One of my most memorable experiences as a new chief was seeing, for the first time, the salaries of the faculty directly reporting to me. I was surprised by the realization that salaries were inexplicably different for people who seemed to be doing the same job. Some faculty who had been at Emory for a shorter time and were at lower academic rank were making more than others—including me. I assumed no malicious intent, however, given the lack of clear trends around the inequities, but I concluded that some had advocated for themselves and received higher salaries while others (like me) did not. While I remain unclear about the source of this discrepancy, I was certain of the impact. As a woman and person of color, I was acutely aware of the impact on culture and trust when pay inequity is suspected and certainly when it is realized.
In collaboration with other stakeholders, we proposed, developed, and implemented a compensation plan where academic promotion is the major currency for salary increases. Since 2013, we have used AAMC benchmark guides and set our salaries based on a simple metric of academic rank and years of service. Faculty at the same level can be assured they are making the same salary. This aligns salary with our broader mission of academic advancement. It also mitigates the impact of historic social norms that may influence women and minorities who, like me, may be less likely to ask for salary increases. Finally, this has made my job easier—there are no salary negotiations for new hires or intermittent discussions about worth for current faculty. Instead, there is a clear message for recruits and current faculty about our values—transparency, equity, and academic advancement. This issue was important not only for individual faculty members but also for the organization as a whole. In 2017, I was elected by my peers to serve on our school of medicine-wide compensation committee where, anchored in principles of transparency and equity, we review salaries across each unit to ensure there is no pattern suggesting gender or racial differences.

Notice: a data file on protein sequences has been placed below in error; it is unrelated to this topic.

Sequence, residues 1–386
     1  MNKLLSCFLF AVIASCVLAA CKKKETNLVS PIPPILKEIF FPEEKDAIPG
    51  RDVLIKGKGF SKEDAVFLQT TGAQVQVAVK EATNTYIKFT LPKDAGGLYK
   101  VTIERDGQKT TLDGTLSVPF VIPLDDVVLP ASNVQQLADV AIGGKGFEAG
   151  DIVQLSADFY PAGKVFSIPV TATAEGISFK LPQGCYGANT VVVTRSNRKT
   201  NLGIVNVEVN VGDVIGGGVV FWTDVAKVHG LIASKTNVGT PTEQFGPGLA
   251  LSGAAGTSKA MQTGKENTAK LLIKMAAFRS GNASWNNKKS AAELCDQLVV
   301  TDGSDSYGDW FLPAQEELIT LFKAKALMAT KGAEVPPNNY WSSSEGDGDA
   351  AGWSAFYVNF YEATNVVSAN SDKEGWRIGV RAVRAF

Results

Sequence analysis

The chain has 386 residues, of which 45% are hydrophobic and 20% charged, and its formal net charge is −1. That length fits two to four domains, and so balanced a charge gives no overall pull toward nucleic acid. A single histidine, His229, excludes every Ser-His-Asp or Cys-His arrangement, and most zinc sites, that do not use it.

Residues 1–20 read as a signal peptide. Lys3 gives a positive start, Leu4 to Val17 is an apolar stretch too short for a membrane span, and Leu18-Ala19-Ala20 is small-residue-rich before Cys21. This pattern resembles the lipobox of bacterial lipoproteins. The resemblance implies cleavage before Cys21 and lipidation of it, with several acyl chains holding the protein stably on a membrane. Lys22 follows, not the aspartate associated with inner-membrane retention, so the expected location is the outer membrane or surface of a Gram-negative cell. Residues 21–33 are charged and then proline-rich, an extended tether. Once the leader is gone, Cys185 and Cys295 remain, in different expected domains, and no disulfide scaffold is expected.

Transparent Leadership Development